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Docker Commit

Last Updated : 25 Jan, 2024
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Docker is an open-source container management service and one of the most popular tools of DevOps which is being popular among the deployment team. Docker is mostly used in Agile-based projects which require continuous delivery of the software. The founder, Chief Technical Officer, and Chief Architect Officer of the Docker Open source project is Solomon Hykes. It was launched in 2013 by Dotcloud since then it is the world’s leading software container platform. For more details about containerization using docker and its docker architecture.

How we can create our own customized Docker images and how we can push them to the Docker hub profile? It is good practice to push your images to the docker hub profile as you don’t have to create it again and you can pull those images in your system as well as in the cloud with all your work saved in it.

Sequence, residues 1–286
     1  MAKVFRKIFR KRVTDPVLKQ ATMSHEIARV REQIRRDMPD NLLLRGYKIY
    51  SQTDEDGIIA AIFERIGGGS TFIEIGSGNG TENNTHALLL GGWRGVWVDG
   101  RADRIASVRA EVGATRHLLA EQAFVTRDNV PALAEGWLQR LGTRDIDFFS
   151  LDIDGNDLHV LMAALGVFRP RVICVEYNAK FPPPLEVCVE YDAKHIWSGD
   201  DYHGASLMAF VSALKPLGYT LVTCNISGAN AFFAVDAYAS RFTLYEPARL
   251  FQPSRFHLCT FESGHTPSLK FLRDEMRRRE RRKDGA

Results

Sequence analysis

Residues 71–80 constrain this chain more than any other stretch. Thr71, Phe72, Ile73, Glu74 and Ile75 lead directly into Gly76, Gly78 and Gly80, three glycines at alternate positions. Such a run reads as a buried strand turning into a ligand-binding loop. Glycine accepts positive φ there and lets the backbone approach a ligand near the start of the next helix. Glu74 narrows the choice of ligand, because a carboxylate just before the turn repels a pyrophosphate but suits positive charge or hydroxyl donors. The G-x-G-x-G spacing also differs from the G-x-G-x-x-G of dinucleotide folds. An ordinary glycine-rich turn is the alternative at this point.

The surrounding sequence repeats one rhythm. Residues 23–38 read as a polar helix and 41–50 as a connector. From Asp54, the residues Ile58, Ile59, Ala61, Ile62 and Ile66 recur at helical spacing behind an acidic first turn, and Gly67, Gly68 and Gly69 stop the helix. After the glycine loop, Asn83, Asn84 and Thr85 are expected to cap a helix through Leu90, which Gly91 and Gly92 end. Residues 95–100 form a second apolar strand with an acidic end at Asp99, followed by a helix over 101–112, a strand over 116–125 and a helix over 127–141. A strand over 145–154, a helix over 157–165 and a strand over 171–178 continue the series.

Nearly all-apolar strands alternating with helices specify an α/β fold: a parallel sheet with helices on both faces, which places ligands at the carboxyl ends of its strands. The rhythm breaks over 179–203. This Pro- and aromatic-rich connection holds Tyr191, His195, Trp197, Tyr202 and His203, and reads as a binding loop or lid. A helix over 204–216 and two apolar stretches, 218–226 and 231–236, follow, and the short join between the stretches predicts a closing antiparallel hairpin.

Creating docker images is not a tedious task. We can create a docker image easily with a few commands. There are two ways of creating a docker image depending upon the purpose for which you want to create the image. The first method is using the commit command and another method is by using the Dockerfile concept. Know more details about the components of Docker ie, Docker images, and Docker File.

Now let’s start creating our own customized docker image using the commit command. Before going with our own docker image we should first set up and configure docker in our operating system. To learn more about how to set up docker you can refer to how to install docker. After successful installation let’s learn some of the docker commands.

What Is Docker Commit?

The Docker Commit image is used to create a new image from the changes made to the Docker container. Docker commit can save the current state of the container in the form of a Docker image. Following is the syntax of the Docker commit command.